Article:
5. accepting phase

  • enjoy being where you are
  • feeling in control and positive again about where you are


Culture shock stages

Culture shock stages


Not everyone will consciously experience all these culture shock stages. The duration of the different culture shock stages will depend on your personality, whether you moved alone or with someone else or will depend on how different your old home is compared to your new environment.

You can read more in my articles about duration of homesickness and how to reduce it:

How long does homesickness last?

Dealing with homesickness – 19 ways to overcome it

Don’t fall into this trap that could intensify your homesickness


Honeymoon phase

You will agree with me that in the beginning of this article you just met me in the honeymoon phase. Times in Atlanta were exciting and I lived in amazement and loved the adventure of everyday life.


Hostility and rejection phases

I felt the next two culture shock stages, hostility and rejection, more or less as just one challenging period in my life. It started when my then to-be husband and I decided to get married. All of a sudden, I had this feeling of being stuck in Atlanta. No way back to my beloved Germany.

During my first few months in Atlanta, I had experienced everything in amazement and wonder. I had relished these moments of contrast and diversity. Now knowing I would live there forever made me sad and very homesick. I missed the familiarity that comes with living in your home country. Of course there was the language barrier. English past midnight was a challenge! I missed the ease of getting around like in my hometown. And of course, I longed for German food.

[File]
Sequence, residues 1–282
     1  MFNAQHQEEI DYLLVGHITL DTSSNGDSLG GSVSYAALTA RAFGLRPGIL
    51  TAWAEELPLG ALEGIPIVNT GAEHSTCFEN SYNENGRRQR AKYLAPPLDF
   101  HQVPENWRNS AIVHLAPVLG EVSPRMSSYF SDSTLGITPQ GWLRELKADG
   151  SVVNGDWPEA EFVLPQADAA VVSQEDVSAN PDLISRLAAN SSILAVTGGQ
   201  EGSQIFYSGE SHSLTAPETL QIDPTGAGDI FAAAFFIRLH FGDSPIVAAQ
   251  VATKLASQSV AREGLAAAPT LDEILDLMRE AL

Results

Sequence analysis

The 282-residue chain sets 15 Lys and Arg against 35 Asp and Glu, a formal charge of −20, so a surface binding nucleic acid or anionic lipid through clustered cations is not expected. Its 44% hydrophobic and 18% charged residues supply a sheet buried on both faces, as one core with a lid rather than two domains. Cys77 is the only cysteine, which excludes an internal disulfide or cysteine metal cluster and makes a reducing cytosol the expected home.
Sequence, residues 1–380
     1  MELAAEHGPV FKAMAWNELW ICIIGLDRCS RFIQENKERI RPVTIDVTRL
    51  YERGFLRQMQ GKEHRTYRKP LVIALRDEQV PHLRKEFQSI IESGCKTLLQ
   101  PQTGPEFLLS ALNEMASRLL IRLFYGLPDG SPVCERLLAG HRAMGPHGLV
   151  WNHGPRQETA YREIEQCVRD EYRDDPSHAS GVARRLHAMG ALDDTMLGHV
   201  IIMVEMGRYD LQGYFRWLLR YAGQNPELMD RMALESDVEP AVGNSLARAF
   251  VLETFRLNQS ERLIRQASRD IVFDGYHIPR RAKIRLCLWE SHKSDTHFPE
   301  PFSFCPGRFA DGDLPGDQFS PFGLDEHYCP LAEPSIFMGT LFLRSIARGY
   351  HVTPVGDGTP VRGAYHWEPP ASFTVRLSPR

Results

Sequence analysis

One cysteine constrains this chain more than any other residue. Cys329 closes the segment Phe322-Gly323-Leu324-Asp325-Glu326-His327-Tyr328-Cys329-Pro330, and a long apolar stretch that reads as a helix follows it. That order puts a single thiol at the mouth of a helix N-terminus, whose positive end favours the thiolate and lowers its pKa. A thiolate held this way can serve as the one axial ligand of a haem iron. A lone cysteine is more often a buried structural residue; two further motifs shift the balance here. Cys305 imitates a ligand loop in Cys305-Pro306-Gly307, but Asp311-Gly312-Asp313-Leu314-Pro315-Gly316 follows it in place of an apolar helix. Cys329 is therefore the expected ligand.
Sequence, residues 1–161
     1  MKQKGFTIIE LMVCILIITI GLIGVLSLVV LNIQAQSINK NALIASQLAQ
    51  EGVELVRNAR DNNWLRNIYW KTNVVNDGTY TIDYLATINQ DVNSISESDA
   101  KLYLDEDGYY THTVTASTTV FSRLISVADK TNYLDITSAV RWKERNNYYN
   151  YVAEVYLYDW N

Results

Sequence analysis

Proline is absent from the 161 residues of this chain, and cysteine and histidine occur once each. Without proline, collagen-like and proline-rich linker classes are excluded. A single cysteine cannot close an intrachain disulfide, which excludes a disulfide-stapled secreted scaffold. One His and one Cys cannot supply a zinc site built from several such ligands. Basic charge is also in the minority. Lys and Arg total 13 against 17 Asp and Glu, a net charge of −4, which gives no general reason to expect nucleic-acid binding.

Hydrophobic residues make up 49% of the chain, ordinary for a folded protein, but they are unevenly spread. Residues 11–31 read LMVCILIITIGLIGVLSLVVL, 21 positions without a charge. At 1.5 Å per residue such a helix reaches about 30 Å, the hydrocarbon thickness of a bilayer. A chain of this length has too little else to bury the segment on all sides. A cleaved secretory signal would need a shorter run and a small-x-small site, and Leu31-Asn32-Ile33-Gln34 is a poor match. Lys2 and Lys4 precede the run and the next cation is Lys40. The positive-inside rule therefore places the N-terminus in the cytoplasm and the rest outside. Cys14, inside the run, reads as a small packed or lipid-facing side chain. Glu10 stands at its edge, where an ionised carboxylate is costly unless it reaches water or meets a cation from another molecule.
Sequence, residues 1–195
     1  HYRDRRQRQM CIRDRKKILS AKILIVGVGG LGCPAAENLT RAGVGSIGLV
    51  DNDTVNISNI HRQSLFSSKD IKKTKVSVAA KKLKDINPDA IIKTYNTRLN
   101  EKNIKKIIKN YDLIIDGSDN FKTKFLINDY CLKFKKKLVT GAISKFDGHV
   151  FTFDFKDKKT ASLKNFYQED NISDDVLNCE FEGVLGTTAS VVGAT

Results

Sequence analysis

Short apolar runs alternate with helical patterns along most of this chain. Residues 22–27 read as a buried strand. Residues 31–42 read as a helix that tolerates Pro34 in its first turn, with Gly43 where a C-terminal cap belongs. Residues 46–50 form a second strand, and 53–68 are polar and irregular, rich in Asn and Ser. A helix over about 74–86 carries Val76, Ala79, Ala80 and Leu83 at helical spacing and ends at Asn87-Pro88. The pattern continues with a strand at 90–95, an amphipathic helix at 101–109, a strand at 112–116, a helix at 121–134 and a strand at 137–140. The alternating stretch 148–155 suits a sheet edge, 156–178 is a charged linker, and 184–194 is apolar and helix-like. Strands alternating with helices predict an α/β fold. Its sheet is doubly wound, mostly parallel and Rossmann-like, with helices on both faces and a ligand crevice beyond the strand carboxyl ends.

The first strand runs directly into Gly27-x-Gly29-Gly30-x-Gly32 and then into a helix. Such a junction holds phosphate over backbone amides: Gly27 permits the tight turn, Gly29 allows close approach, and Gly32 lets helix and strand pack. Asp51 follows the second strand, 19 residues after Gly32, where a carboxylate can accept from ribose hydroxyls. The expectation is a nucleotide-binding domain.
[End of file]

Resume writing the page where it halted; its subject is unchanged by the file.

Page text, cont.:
At that time it would have been helpful, if I had known about these culture shock stages. I would have seen that there will be again a period of ‘up’!


Integration phase

And so it did! The next phase of the culture shock stages started: the integration phase.

After 6 to 8 months, I adapted to my new life, developed again a routine, and felt less like a stranger. My husband and I bought a house together, met wonderful life-long friends, and started to concentrate on aspects of everyday life.


Accepting phase

So now there was the final phase of the culture shock stages: the accepting phase. I think it probably takes some extra time to reach that landmark. Almost certainly the births of my two children made me acknowledge and accept that Atlanta became my new home. I enjoyed living in the South with the super friendly people and the wonderful weather.


Hex-head phase

Does the accepting phase mean that someone in a host country will at one point totally assimilate to the new culture and surroundings?

One part of me will always be German. I still keep many German traditions. And then there is my accent! People hear right away that I am not originally from the US. However, I have now lived in the US for a long time, so I can’t deny that another part of me has become American.

Actually, I see myself as a hex-head.  A global mind that doesn’t totally fit into German or the US life, but fits in everywhere! Let’s add to the 5 phases the hex-head phase!

Read the story of a hex-head in: Reverse culture shock – a hex-head story.


Do you remember going through these culture shock stages? Were you then aware of their existence? Leave a note!

I think it is good for you to experience culture shock. I will tell you why in my next article!